“The hatha-yoga system is meant for controlling the five kinds of air encircling the pure soul by different kinds of sitting postures-not for any material profit, but for liberation of the minute soul from the entanglement of the material atmosphere.” (Shrila Prabhupada, Bhavagad-gita, 2.17 Purport)
Yoga has become a very popular phenomenon in the modern age. One can find classes, books, and videos on yoga everywhere. It has become such a profitable business that people are even inventing their own forms of yoga and marketing it to the masses. Though there are many different forms of yoga, today the term is generally associated with the system of hatha-yoga, which involves various sitting postures and breathing exercises.
People generally take to yoga so that they can improve their overall health. Athletes take to it as a means of increasing their stamina and flexibility. That in turn relates to longer careers and greater earnings. Yoga’s effectiveness lies in its requirement that one be steady of mind. We see examples of this in our daily lives. If we are concentrated on our particular job or hobby, then we are more likely to be successful at it. Superstar golfer Tiger Woods is known for his impeccable concentration. When on the green, he says that he pictures the ball going into the cup prior to putting. This technique allows him to visualize his putts prior to striking the ball. Being lost in the moment or being in the “zone” as athletes call it, is a wonderful feeling. The mind is always hankering or lamenting, but when concentrated on something, it is at peace.
These activities represent a form of yoga, as it defined today, since the mind is steadily brought under control. However, real yoga actually means linking our consciousness with God. It was a system invented by God and passed down through generations by the great sages of India. It shouldn’t be surprising to find out that a system that was intended to bring spiritual benefits will also have accompanying material benefits. The various breathing exercises and sitting postures are all aimed at eliminating the effect of the senses and towards controlling the mind on Vishnu, or God. Gradually over time, the system has degraded into nothing more than a set of gymnastics exercises.
People saw the potential material benefits afforded to yogis, so they jumped on the bandwagon, eliminating God from the picture completely. Many students in the modern day yoga classes are even accustomed to reciting the syllable of om, though they have no idea what it really means. Some even go so far as to say that om is just a peaceful sound that helps one in their practice of yoga. From the Bhagavad-gita, we get the true definition:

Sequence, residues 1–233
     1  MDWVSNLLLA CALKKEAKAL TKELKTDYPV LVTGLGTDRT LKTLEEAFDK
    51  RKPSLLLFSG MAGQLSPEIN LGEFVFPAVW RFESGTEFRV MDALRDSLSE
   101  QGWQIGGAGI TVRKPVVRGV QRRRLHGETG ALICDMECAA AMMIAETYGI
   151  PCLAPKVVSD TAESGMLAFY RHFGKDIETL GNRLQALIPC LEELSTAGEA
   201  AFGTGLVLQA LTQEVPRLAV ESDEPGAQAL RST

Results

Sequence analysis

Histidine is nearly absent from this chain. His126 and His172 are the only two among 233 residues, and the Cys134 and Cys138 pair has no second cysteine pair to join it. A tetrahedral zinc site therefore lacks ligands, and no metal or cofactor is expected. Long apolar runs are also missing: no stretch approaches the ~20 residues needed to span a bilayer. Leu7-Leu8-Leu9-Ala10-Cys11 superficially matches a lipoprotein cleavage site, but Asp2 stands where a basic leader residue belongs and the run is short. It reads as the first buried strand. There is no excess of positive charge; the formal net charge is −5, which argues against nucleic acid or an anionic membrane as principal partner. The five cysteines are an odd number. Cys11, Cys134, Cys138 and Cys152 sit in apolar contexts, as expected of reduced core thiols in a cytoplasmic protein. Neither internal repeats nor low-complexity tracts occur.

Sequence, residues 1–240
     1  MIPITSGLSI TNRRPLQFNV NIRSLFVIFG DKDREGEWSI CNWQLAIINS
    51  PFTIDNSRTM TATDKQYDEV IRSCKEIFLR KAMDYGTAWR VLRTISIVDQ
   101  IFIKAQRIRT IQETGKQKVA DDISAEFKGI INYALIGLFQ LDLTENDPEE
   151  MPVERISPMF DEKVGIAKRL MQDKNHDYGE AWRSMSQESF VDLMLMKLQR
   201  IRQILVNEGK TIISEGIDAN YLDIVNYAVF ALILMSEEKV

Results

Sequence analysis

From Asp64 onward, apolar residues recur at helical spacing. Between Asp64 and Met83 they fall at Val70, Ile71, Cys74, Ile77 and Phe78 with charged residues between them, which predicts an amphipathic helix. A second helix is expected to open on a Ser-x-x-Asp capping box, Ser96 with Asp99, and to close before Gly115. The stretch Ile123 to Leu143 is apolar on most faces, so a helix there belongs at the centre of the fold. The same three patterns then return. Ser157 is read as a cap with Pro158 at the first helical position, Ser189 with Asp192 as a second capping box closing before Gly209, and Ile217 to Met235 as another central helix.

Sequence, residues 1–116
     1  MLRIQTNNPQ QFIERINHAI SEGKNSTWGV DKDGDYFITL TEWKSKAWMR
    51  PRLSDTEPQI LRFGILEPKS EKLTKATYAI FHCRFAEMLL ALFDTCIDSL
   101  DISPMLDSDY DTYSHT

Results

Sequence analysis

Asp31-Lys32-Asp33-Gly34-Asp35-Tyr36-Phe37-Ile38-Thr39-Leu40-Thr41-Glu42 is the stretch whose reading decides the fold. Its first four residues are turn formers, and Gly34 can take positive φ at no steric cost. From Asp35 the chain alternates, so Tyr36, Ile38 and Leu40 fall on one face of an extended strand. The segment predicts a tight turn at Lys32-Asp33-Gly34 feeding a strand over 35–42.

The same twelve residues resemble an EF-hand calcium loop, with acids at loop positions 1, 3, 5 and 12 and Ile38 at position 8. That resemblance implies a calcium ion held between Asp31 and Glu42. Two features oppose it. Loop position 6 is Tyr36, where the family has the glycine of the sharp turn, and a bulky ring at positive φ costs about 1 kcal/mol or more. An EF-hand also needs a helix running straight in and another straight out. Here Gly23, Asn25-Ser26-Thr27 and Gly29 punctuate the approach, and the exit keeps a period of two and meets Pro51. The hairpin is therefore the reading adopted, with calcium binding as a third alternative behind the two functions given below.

“O son of Kunti [Arjuna], I am the taste of water, the light of the sun and the moon, the syllable om in the Vedic mantras; I am the sound in ether and ability in man.” (Lord Krishna, Bg, 7.8)
Om, which stands for omkara, is the original transcendental sound. It is non-different from Krishna. Therefore all important Vedic rituals begin with this sound.
“…the omkara transcendental sound used in the beginning of every Vedic hymn to address the Supreme Lord also emanates from Him. Because the impersonalists are very much afraid of addressing the Supreme Lord Krishna by His innumerable names, they prefer to vibrate the transcendental sound omkara. But they do not realize that omkara is the sound representation of Krishna.” (Shrila Prabhupada, Bg 7.8 Purport)
In this day and age, the hatha-yoga system is very difficult to perform successfully. Lord Krishna describes the strict rules required for success at such a system in the Bhagavad-gita. One is required to live in a secluded place, and completely abstain from sex life.
“Persons learned in the Vedas, who utter omkara and who are great sages in the renounced order, enter into Brahman. Desiring such perfection, one practices celibacy…” (Lord Krishna, Bg 8.11)
With the hustle and bustle in today’s society, practicing yoga in such conditions is very impractical. Therefore, Lord Chaitanya, Krishna’s incarnation in the Kali Yuga, advised us to simply chant the holy names of God: “Hare Krishna Hare Krishna, Krishna Krishna, Hare Hare, Hare Rama Hare Rama, Rama Rama Hare Hare”. This process, executed with love and devotion, is known as bhakti-yoga. It is the best form of yoga because it involves the two direct processes of sravanam and kirtanam, hearing and chanting. By lovingly repeating the Lord’s name, we control our speech. At the same time, we purify our hearing as mundane noise is drowned out by the sound of God’s names.
By steadily chanting, we raise ourselves to the platform of loving God, which means always thinking of Him. If we’re always thinking of Him, then we’ll be performing the highest form of yoga. Playing sports, listening to music, or exercising may give some temporary comfort for the mind, but real happiness comes when we focus our mind on God. If we make loving God our number one occupation, then we reap the rewards of the all yoga systems combined.